Petitioner filed his second habeas petition with the California Court of Appeal, deemed filed on April 13, 2001, approximately eight months after judgment on the first petition in the San Diego Superior Court. (See Lodgment 19.) The California Court of Appeal denied the petition on July 18, 2001. (See Lodgment 20.) Under Evans, in which the court held that a six month delay was unreasonable, the eight month delay in this case between the decision on the first petition and the filing of the second petition in the Court of Appeal would also be considered "unreasonable" despite the Court of Appeal's silence as to timeliness of the petition. Evans, 546 U.S. 189 at 201. Therefore, the time between August 10, 2000, and April 13, 2001 is not covered under the "pending" language of Section 2244(d)(2). Thus, on July 18, 2001, Petitioner had sixteen days, or until August 3, 2001, before the statute of limitations expired.

The next state habeas petition with the California Supreme Court was not deemed filed until August 29, 2001, after the federal statute of limitations period had expired. (See Lodgment 21.) The Ninth Circuit has held that Section 2244(d) does not allow the reinitiation of the limitations period when the federal statute of limitations has ended before the state petition was filed. Ferguson v. Palmateer, 321 F.3d 820, 823 (9th Cir. 2003), cert denied, 540 U.S. 924 (2003). Thus, the subsequent state habeas petition filed on August 29, 2001 does not afford Petitioner an extension of the limitations period.

Petitioner does not contend that he is entitled to an alternative calculation of the statute of limitations under Section 2244(d)(1)(B)-(D), nor, based on the facts before the Court, does one appear applicable. Consequently, absent equitable tolling, Petitioner's federal habeas petition filed on October 19, 2005 is untimely under AEDPA .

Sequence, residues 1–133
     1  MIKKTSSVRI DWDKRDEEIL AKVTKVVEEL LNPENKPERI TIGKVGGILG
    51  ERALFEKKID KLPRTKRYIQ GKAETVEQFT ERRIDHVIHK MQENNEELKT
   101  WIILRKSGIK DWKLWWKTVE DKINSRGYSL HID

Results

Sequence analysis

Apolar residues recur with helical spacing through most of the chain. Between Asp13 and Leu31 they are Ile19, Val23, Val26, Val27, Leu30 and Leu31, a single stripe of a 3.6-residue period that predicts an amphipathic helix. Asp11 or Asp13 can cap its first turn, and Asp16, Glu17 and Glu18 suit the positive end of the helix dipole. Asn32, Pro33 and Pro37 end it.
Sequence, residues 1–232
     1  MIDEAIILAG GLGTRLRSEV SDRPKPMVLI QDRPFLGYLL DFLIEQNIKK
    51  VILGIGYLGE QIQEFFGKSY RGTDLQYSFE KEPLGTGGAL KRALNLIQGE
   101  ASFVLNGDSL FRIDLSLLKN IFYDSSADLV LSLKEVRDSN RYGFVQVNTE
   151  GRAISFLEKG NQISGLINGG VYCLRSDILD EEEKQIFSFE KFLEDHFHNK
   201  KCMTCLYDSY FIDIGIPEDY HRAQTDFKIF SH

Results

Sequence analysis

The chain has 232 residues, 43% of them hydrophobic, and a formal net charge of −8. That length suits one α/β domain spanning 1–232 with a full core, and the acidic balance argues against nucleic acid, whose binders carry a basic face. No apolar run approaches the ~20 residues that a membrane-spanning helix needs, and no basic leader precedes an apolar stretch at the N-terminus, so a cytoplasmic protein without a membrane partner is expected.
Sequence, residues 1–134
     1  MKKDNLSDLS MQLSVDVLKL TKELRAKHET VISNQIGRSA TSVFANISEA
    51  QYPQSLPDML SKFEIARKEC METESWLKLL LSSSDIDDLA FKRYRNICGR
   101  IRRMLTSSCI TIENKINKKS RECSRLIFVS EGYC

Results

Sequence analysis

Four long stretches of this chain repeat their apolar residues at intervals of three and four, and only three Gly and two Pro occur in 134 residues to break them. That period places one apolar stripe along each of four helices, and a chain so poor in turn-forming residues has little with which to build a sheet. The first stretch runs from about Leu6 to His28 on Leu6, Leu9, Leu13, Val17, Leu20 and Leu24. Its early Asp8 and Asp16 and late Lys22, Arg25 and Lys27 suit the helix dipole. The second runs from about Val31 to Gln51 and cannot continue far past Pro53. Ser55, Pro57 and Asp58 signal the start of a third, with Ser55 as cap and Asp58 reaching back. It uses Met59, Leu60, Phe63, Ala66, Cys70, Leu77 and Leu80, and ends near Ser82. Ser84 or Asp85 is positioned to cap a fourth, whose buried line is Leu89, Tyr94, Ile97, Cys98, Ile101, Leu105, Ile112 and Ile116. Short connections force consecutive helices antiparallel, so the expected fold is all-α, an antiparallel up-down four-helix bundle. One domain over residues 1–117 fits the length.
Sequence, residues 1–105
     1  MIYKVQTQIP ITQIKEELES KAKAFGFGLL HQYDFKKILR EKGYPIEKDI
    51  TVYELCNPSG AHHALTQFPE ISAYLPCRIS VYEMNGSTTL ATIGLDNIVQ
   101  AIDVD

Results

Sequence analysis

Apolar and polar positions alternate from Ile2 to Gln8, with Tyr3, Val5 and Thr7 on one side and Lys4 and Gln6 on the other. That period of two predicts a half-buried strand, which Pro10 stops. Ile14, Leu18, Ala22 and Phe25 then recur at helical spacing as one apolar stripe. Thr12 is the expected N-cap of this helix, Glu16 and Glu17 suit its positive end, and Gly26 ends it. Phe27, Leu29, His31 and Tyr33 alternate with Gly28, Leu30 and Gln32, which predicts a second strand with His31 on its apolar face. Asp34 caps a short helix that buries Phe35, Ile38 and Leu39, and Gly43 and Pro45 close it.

II. Petitioner Is Not Entitled To Equitable Tolling

The one-year period of limitations under AEDPA is subject to equitable tolling when "'extraordinary circumstances' beyond a prisoner's control make it impossible to file a petition on time." Calderon v. U.S. Dist. Ct, 128 F.3d 1283, 1288 (9th Cir. 1997) (overruled in part, but on other grounds by Calderon v. U.S. Dist. Ct (Kelly), 163 F.3d 530 (1998)) (citing Alvarez-Machain v. United States, 107 F.3d 696, 701 (9th Cir. 1996). Petitioner holds the burden to prove that equitable tolling is appropriate, and must establish (1) that he has been pursuing his rights diligently; and (2) that some extraordinary circumstance stood in his way. Pace v. DiGuglielmo, 544 U.S. 408, 418 (2005); see also Espinoza-Matthews v. California, 432 F.3d 1021, 1026 (2005). The determination of whether a petitioner is entitled to equitable tolling is "highly fact-dependent." Espinoza-Matthews, 432 F.3d at 1026 (citing Whalem/Hunt v. Early, 233 F.3d 1146, 1148 (9th Cir. 2000).

Respondent contends that Petitioner is not entitled to equitable tolling due to his own failure to exercise due diligence. (MTD at 16.) Petitioner does not affirmatively state that he is entitled to equitable tolling in his federal habeas petition, as he did not file an opposition challenging Respondent's contentions, and he never responded to the Court's OSC. And, nothing in the record indicates that equitable tolling is appropriate here. Therefore, based on the facts before the Court, Petitioner is not entitled to equitable tolling for this Petition.

Conclusion

Accordingly, this Court FINDS that Petitioner failed to file his federal habeas petition within the one-year period of limitation imposed by AEDPA. He has also failed to prove that he is entitled to statutory or equitable tolling. Therefore, this Court ADOPTS the R&R, GRANTS Respondent's Motion to Dismiss, and DISMISSES Petitioner's Petition with prejudice.

IT IS SO ORDERED.